One of the most painful experiences for targeted parents is when the alienation process begins to escalate and children begin to become difficult, challenging and sometimes downright obnoxious.
We may not be familiar with the child who is overly empowered within what is called a ‘fused dyad’ with the other parent and so when that behaviour appears it can seem almost as if your child has turned into someone else. Some parents liken it to their child being possessed, others worry that their child is mentally unwell. Understanding what has happened and why is a very important step to learning how to deal with it.
In an alienation scenario, when one parent is angry or holds unresolved frustrations or is quite simply determined to drive the other out of a child’s life, it is often the case that the child will be elevated to a position of power within the fractured family system. This position of power, is often equal to that of the parent who is angry, who upholds the child’s ‘right’ to do as he or she pleases. Parents who are in this position will often speak about their children being ‘more emotionally aware’ than they are and will tell you and others that they are only being guided by their children because if their children say something is wrong then that must be the truth. This is a very dangerous position for a child, who should not be wielding decision making power at the top of what is called the ‘attachment hierarchy.’ To be in control of the broken family system in this way is, in fact, extremely damaging to children over time.
A healthy attachment hierarchy is when two parents, in relationship together, share the decision making and guiding power that runs a well functioning family. Contained within this hierarchy, children know that their parents are in charge and that they, as children, do not need to do anything other than concentrate on their own developing selves. When families separate however, the sharing of the decision making and guiding power often breaks down, creating a space in which the children themselves become elevated to the top of the hierarchy, often sharing power and decision making with the parent they now live with on a daily basis. The other parent in this scenario is pushed to the outer margins of the family system and quite often begins to be viewed by the parent and child as being unnecessary in daily life.
Children who are at the top of the broken family hierarchy are placed in a position of risk. Children should not hold the same level of decision making power as a parent, the role of a parent is to be the guide and decision maker in a child’s life, gradually handing over the reins to the developing young adult. When children are taken by a parent into a fused dyad in this way, they are often what is called ‘spousified’ which simply means that they have replaced the role of spouse in the parents life or they are ‘parentified’ which means that they are taking care of the emotional needs of a parent and not the other way around. Both of these corrupted roles within a family system are damaging to children and are signs that the attachment hierarchy is broken and harmful to the child involved. When a child is in one of these positions, they can very quickly become extremely difficult to handle when with the other parent as they refuse to recognise that parent’s validity in their lives and actively fight them for the decision making power.
A child in this position will often –
- Use sarcastic statements when with you.
- Try to undermine everything that you say.
- Refuse to come with you when you turn up to collect them.
- Act aggressively towards you and your family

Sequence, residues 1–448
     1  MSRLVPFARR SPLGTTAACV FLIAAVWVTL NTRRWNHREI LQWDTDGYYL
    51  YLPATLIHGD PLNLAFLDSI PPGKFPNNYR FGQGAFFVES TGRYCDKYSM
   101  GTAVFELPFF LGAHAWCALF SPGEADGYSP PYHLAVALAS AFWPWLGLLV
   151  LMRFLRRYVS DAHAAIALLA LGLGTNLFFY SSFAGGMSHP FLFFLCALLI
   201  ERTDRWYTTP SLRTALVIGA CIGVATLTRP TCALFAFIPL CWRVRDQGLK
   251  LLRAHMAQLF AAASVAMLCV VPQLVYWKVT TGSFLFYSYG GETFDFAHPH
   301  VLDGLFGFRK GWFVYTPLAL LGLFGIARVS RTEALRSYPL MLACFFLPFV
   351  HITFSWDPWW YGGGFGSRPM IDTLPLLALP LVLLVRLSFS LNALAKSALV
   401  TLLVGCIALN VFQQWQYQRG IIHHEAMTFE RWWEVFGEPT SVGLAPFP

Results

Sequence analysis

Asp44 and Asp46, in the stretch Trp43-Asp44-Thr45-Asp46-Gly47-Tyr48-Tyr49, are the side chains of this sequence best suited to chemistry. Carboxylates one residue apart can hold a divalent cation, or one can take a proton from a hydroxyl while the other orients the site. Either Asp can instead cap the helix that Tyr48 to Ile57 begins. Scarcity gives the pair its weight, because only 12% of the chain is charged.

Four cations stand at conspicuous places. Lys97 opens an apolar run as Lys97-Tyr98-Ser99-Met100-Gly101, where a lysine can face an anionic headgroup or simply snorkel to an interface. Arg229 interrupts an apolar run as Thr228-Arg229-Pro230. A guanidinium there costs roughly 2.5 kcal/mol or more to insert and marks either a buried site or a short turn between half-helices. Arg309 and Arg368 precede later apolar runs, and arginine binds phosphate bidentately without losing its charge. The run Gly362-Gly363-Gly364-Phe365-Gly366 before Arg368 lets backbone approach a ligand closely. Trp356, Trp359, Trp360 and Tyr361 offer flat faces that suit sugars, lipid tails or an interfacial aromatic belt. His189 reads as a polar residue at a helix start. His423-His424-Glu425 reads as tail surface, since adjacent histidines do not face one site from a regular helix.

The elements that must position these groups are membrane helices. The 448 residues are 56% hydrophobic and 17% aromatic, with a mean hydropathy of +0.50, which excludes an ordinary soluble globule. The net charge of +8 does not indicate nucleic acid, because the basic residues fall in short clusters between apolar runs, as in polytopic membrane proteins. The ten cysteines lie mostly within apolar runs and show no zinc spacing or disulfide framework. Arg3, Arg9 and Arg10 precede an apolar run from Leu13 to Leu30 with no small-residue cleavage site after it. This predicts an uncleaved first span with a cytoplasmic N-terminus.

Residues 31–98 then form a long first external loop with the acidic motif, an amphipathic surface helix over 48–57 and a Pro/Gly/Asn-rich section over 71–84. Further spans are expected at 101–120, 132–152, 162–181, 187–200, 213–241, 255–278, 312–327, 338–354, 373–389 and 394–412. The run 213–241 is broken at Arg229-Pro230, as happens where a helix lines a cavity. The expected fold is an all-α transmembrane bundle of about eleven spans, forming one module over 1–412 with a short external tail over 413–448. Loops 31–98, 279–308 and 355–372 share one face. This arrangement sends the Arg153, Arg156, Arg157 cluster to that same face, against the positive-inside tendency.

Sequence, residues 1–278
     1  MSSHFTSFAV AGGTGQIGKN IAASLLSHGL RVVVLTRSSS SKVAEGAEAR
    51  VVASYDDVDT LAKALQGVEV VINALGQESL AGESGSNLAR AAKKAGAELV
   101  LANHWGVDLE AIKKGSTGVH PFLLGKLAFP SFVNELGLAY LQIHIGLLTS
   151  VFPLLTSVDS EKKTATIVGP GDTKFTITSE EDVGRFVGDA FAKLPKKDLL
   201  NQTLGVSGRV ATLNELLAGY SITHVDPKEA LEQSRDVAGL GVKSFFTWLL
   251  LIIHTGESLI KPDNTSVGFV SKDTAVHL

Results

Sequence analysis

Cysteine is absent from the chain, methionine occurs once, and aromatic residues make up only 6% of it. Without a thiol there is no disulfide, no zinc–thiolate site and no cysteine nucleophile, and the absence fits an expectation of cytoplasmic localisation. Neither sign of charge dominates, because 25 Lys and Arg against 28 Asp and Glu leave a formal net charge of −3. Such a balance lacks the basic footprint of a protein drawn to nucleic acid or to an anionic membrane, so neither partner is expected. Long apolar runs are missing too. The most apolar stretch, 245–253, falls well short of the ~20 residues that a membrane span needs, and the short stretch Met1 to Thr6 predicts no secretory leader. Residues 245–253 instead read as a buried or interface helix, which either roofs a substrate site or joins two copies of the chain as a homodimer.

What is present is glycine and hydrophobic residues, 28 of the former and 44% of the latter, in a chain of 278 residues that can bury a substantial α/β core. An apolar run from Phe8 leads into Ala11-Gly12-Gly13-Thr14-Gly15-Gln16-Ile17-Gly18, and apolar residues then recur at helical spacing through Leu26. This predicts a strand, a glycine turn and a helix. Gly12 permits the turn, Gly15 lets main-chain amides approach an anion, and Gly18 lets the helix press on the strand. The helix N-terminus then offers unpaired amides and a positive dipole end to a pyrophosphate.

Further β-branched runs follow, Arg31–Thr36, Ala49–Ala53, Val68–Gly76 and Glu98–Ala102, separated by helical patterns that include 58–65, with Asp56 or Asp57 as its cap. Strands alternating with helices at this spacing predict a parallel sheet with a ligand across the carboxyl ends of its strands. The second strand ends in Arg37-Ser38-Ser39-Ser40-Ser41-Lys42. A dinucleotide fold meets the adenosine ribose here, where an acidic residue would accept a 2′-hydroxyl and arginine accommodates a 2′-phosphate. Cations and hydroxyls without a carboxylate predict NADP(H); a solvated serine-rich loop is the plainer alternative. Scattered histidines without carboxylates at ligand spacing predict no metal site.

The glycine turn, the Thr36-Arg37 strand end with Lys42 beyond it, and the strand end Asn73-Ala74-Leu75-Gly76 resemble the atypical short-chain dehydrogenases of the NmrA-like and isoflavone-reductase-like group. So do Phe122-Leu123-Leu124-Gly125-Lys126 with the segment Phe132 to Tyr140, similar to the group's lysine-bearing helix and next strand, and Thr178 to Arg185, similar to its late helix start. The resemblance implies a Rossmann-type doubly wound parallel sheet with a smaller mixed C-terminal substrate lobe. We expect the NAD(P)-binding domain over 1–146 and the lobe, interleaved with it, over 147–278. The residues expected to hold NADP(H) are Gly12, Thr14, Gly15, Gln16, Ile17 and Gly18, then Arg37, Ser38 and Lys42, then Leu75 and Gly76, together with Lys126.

- Sneer at you and call you names
- Act as if you are somehow ‘less than’ they are
- Tell you that you are no good, that you don’t do anything right
- Demand to be taken home to their ‘real’ parent
- Blow hot and cold, they may drop their defiance for a while only to pick it up again when its time to leave
- Tell lies
- Make false allegations against you
- Remain silent in your company
There are many other behaviours that children who are elevated to this position will use, the main thing that targeted parents must be aware of is that when they begin to act like this, the alienation process is well underway.
The end game in an alienation process is when the children simply refuse to make the transition to you. This is often the result of a ‘trigger’ event which enables the child to justify complete withdrawal. A trigger event can be engineered by a child who is in this elevated position and many children will push continuously to try and create this just so that they can ‘decide’ to completely withdraw. It is important to remember at all times, however, that trigger events, just like the behaviours that the child is displaying are unconsciously driven by the child who is using the only coping mechanism available to them. Children in these circumstances are extraordinarily vulnerable, they are hurting inside, they are psychologically harmed and they are doing whatever they can to survive. All targeted parents MUST, at all times, keep in mind that their children would not behave like this if the pressure upon them did not force them to do so. With that in mind, target parents can assist their children to avoid the trigger event by following these golden rules.
When a child is in an elevated position of power and is displaying the symptoms above you must:
- Not try to reason with them, they are not in a position to listen
- Not try to use logic, there is nothing logical about what is happening to them
- Remain patient, calm and collected, do not become angry and feed their self righteousness, it only pushes you into the trap set for you by the other parent.
- Develop a thick skin, your child is in a vulnerable psychological state, you can help if you let their commentary about you flow by you without reacting.
- Be firm as much as you possibly can but avoid scenes which could become the trigger event your child is unconsciously seeking. Remember, they want you to confirm for them why you are the bad person they have been told you are. You must avoid that at all costs.